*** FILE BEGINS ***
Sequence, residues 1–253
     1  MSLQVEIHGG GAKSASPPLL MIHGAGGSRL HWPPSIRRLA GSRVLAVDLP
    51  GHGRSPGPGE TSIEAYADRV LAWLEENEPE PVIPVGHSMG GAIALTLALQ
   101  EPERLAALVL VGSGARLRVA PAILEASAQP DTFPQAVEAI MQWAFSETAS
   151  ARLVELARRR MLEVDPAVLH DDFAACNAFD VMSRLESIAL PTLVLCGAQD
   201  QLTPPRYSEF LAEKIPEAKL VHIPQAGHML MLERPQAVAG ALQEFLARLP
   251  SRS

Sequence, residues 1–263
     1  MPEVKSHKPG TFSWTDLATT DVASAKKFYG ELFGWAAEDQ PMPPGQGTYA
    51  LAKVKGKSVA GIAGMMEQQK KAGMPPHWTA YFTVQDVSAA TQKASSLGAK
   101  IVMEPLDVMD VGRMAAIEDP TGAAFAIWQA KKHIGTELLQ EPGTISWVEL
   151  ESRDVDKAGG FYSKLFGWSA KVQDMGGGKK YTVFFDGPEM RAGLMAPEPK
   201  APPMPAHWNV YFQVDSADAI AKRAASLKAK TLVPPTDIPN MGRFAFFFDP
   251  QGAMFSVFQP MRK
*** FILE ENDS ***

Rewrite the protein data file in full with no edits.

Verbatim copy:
Sequence, residues 1–253
     1  MSLQVEIHGG GAKSASPPLL MIHGAGGSRL HWPPSIRRLA GSRVLAVDLP
    51  GHGRSPGPGE TSIEAYADRV LAWLEENEPE PVIPVGHSMG GAIALTLALQ
   101  EPERLAALVL VGSGARLRVA PAILEASAQP DTFPQAVEAI MQWAFSETAS
   151  ARLVELARRR MLEVDPAVLH DDFAACNAFD VMSRLESIAL PTLVLCGAQD
   201  QLTPPRYSEF LAEKIPEAKL VHIPQAGHML MLERPQAVAG ALQEFLARLP
   251  SRS

Sequence, residues 1–263
     1  MPEVKSHKPG TFSWTDLATT DVASAKKFYG ELFGWAAEDQ PMPPGQGTYA
    51  LAKVKGKSVA GIAGMMEQQK KAGMPPHWTA YFTVQDVSAA TQKASSLGAK
   101  IVMEPLDVMD VGRMAAIEDP TGAAFAIWQA KKHIGTELLQ EPGTISWVEL
   151  ESRDVDKAGG FYSKLFGWSA KVQDMGGGKK YTVFFDGPEM RAGLMAPEPK
   201  APPMPAHWNV YFQVDSADAI AKRAASLKAK TLVPPTDIPN MGRFAFFFDP
   251  QGAMFSVFQP MRK